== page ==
Governor Gavin Newsom today introduced his 2023-24 state budget proposal. Funding for water resilience and drought is included under the climate change section.
The budget for 2021 and 2022 allocated approximately $54 billion over five years to address climate change; Newsom’s proposal maintains approximately $48 billion (or 89 percent). With the projected decline of revenues, the budget proposal across several programs which are partially offset by shifts to other funding sources. These reductions will be restored if there is sufficient revenue next year.
The specifics are below; the budget proposal for climate change spending is embedded at the bottom of this post.
Drought response and water resilience
California is experiencing large swings between drought and flood, and due to climate change, those swings are becoming more severe. Last year, water project operators made only minimal deliveries to farms and cities, and wildlife managers took extraordinary action to protect fish and wildlife.
The three-year period from 2020 to 2022 is now the driest on record going back to 1896. The recent winter storms have provided the best start to California’s snowpack in over a decade. However, as seen last winter, a wet December led to above average snowfall but was followed by the driest January, February, and March on record.
In August 2022, Governor Newsom announced “California’s Water Supply Strategy, Adapting to a Hotter, Drier Future,” which lays out California’s strategy and priority actions to adapt and protect water supplies in an era of rising temperatures. It calls for investing in new sources of water supply, accelerating projects, and modernizing how the state manages water through new technology. As California continues to experience weather swings that deliver temporary boosts to the snowpack, there is intensifying flood risk, even during drought. The new normal extreme weather patterns place a heightened importance on flood preparedness and response.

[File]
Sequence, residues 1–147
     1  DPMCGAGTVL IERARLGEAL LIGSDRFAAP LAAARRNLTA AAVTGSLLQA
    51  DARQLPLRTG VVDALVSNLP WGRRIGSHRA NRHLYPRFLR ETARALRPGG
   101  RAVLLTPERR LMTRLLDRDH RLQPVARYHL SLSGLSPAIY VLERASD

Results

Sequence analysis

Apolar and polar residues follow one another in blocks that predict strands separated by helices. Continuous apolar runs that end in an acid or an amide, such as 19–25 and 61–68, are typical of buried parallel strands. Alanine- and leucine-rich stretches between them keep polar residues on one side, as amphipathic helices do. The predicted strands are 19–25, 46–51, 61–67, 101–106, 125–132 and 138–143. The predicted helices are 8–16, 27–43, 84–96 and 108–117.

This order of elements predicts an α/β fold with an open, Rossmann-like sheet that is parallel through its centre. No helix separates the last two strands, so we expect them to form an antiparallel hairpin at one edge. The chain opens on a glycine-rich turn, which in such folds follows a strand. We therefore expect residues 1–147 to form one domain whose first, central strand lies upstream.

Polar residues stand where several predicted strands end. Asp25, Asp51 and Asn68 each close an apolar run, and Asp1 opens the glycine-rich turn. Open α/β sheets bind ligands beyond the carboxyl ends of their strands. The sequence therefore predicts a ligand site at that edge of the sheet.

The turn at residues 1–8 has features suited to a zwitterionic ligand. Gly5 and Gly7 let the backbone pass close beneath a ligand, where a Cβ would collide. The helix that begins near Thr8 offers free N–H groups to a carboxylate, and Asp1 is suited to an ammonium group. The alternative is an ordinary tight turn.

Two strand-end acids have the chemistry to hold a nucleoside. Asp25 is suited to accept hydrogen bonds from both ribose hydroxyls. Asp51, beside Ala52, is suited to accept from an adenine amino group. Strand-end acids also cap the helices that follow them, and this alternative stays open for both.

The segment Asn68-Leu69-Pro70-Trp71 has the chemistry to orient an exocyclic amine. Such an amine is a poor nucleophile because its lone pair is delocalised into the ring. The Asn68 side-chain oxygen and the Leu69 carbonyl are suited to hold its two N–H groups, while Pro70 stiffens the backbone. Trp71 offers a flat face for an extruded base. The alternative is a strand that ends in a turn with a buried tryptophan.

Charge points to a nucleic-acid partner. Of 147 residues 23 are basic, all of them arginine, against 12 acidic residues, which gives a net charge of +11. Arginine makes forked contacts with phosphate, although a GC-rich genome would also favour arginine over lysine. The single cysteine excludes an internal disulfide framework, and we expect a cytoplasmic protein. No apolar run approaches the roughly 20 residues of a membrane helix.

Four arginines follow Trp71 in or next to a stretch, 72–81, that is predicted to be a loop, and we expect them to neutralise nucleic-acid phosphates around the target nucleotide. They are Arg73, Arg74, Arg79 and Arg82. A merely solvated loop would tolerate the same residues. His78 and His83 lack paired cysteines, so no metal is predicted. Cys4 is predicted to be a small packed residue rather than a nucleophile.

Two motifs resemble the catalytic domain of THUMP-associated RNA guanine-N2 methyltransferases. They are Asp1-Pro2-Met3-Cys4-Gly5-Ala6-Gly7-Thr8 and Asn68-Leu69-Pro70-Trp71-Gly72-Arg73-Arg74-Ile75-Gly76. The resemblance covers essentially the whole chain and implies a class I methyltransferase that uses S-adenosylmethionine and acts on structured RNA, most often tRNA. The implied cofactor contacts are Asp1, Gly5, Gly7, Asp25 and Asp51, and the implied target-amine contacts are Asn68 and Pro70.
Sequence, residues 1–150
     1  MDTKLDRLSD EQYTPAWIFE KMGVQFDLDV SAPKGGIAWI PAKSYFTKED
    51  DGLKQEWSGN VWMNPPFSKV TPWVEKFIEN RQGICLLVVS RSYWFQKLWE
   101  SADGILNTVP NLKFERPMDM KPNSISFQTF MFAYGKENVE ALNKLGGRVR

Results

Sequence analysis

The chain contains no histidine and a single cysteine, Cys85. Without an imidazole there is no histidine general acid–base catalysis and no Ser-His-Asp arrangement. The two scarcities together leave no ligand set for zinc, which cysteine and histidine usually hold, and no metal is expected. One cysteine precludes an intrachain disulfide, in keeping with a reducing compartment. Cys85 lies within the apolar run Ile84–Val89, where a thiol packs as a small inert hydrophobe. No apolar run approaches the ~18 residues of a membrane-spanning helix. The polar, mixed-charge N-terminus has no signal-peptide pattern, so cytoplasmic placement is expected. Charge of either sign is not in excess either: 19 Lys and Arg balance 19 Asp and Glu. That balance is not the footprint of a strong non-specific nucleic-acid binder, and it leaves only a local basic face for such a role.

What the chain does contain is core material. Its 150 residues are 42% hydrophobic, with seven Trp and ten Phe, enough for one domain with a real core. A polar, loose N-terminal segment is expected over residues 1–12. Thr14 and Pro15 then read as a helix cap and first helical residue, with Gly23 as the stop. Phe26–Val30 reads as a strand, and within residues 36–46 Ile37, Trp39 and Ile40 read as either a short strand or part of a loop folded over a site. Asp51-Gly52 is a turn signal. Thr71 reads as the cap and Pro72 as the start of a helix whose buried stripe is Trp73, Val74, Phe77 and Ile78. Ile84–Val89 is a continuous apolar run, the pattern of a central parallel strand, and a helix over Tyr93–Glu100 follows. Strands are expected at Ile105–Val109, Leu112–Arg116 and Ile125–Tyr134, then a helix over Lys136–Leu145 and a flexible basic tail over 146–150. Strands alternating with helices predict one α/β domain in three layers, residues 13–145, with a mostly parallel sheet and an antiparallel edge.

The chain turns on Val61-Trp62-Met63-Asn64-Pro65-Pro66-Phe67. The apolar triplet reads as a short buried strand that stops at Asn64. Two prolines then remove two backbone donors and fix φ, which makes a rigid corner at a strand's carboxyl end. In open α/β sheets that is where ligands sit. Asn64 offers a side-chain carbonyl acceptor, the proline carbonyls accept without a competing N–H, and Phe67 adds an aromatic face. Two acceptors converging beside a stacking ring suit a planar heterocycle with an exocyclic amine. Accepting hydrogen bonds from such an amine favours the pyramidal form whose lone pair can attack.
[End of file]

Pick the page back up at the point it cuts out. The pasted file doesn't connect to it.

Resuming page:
The 2021 and 2022 Budget Acts committed $8.7 billion over multiple years to support drought resilience and response designed to help communities and fish and wildlife avoid immediate negative impacts as a result of extreme drought, while continuing to advance projects and programs that prepare the state to be more resilient to future droughts and floods.
The Budget maintains $8.6 billion (98 percent) of previously committed funding to minimize the immediate economic and environmental damage from the current drought and support hundreds of local water projects to prepare for and be more resilient to future droughts. The Budget includes $194 million in General Fund reductions across various programs. If there is sufficient General Fund in January 2024, reductions not otherwise delayed will be restored. See the Introduction Chapter for further information on this trigger.
In addition, the Budget also includes new strategic investments to continue supporting the state’s drought response, accelerate implementation of the state’s water supply strategy, and increase flood preparedness and response.
SIGNIFICANT BUDGET ADJUSTMENTS
Urban Flood Risk Reduction—$135.5 million General Fund over two years to support local agencies working to reduce urban flood risk.